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By Gus Bode

Columbus Day signifies American culture for some people, but for Jean Dennison, it reminds her of the struggle for Native American freedom.

Dennison, professor of anthropology at the University of North Carolina, visited SIUC on Monday to address Native American citizenship as part of Indigenous Peoples Day.

Dennison is member of the Osage Nation and said the Osage are the only Native American tribe in Oklahoma that still has a federally recognized reservation.


In January, the state of Oklahoma refused to recognize the reservation and insisted on collecting taxes from Osage citizens, which Dennison said states are not allowed to do in Native American territory.

The Osage argued Congress never formally disestablished the reservation, and all of Osage County should be considered Indian Country, according to Tulsa World newspaper.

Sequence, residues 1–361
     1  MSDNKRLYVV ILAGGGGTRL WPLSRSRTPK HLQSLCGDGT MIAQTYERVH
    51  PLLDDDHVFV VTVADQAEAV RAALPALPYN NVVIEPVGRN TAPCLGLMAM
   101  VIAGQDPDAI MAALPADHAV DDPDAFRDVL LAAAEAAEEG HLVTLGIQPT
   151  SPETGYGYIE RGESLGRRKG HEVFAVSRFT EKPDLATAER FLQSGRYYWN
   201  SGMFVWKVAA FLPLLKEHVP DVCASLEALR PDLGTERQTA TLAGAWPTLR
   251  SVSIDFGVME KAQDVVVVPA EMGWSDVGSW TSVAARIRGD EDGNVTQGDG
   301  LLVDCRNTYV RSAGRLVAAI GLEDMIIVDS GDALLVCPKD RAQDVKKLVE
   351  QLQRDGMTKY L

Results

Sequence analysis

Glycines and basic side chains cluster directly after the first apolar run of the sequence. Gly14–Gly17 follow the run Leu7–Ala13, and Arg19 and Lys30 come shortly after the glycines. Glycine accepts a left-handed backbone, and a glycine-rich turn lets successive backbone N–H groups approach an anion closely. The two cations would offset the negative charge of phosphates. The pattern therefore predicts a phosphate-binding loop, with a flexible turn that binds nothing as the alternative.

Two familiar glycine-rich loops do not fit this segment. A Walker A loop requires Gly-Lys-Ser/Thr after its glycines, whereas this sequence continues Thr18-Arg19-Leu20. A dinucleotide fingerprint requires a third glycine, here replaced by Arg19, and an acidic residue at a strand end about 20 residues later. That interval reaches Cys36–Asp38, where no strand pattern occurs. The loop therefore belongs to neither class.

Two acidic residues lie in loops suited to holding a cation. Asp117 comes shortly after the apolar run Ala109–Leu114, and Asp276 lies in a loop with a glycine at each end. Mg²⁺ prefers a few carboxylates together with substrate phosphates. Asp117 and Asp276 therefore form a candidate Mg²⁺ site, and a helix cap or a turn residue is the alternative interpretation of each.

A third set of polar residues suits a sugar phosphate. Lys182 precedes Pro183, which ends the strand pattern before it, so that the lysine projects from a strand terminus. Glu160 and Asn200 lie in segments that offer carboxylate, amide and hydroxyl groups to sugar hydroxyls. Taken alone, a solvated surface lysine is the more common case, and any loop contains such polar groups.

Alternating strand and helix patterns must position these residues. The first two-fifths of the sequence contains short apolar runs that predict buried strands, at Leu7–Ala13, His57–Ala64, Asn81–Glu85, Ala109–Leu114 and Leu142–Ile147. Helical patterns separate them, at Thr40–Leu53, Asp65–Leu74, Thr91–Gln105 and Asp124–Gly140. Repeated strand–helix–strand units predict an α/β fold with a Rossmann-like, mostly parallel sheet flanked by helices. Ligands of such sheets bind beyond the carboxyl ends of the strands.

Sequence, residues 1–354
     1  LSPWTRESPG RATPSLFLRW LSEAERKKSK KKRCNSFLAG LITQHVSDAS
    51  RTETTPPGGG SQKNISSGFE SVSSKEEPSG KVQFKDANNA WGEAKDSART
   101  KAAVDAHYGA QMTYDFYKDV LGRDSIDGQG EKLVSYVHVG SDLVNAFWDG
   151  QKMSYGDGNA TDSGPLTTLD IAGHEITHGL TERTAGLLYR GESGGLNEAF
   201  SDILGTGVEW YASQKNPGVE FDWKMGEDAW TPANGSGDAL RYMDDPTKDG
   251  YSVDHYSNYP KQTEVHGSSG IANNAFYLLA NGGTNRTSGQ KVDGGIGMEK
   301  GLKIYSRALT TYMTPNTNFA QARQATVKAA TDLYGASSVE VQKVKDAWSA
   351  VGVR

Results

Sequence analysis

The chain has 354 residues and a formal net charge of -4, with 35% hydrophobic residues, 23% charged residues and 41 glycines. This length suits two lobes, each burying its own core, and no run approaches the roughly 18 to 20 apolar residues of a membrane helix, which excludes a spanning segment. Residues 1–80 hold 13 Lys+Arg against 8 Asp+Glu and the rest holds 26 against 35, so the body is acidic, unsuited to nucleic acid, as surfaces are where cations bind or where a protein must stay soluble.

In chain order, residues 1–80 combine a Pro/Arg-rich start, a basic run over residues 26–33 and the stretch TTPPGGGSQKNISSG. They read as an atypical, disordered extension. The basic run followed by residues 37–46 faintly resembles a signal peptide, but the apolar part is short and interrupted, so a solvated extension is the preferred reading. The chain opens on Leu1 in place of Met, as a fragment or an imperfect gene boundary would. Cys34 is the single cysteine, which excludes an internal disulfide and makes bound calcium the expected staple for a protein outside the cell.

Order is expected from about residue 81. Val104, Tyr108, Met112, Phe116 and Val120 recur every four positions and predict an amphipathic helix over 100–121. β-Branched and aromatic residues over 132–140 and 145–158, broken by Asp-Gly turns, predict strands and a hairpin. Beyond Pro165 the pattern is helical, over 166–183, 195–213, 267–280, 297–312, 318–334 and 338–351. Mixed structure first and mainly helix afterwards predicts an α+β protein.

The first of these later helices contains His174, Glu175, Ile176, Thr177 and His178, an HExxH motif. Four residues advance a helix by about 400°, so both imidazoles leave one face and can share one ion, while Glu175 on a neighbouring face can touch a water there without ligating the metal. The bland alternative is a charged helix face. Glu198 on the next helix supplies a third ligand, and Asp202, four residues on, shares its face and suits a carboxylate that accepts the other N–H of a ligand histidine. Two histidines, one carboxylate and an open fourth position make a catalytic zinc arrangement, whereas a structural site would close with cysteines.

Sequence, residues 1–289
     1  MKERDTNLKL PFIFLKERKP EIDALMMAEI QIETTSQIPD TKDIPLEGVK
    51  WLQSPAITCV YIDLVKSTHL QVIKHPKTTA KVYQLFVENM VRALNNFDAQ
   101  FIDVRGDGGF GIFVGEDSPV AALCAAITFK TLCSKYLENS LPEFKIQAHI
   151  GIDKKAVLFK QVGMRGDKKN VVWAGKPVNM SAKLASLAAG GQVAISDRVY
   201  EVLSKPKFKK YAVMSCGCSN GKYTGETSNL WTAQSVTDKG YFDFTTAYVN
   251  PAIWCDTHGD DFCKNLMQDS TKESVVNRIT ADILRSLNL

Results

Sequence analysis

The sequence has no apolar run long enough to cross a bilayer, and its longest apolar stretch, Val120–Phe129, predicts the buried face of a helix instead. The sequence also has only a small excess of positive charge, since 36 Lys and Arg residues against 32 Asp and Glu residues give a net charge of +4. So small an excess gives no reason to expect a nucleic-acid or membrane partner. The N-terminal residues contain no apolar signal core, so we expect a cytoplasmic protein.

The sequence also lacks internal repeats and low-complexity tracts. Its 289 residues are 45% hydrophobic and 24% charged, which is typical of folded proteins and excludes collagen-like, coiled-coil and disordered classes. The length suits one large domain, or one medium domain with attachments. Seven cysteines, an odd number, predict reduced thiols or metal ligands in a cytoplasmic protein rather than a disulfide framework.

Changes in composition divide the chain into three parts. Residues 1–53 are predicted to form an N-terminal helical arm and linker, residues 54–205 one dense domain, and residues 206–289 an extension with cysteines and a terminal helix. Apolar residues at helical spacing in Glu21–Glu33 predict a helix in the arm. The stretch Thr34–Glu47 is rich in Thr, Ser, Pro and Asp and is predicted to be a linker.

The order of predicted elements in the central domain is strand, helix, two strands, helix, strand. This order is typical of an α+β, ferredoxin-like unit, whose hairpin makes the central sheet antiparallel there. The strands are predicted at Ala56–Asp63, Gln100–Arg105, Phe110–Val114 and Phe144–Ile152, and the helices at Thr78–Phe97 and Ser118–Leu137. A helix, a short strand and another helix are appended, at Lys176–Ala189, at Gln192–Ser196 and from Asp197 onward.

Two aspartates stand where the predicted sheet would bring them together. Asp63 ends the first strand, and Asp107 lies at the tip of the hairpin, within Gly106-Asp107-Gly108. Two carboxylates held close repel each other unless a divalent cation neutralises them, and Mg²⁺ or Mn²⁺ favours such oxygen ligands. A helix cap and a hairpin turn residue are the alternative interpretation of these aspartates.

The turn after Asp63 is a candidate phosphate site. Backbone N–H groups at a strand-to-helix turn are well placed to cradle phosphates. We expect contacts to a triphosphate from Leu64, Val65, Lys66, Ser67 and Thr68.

‘What is fundamental about being part of an indigenous nation today is culture, community, political association and something biological,’ Dennison said.

Roberto Barrios, assistant professor of anthropology at SIUC, said people with different cultural values shape our system, and recognizing indigenous people on Columbus Day is an important part of diversity.

‘Here we have a huge nation (where) the first settlers ‘hellip; are actually being excluded through legal and political policies.’

Dennison said while there are struggles, the Osage Nation continues to thrive despite the ruling. It no longer defines citizenship by blood but by something biological passed down from ancestors, she said.


Dennison said sovereignty at its most basic is the ability to govern one’s own affairs, which is why the Osage need the ability to govern their own land.

Barrios said he looks forward to celebrating Native American Heritage Month in November and is always impressed by the beauty and resilience of Native Americans.

‘We can’t forget the great diversity of the people who live here,’ Barrios said.

Christina Spakousky can be reached at 536-3311 ext. 258.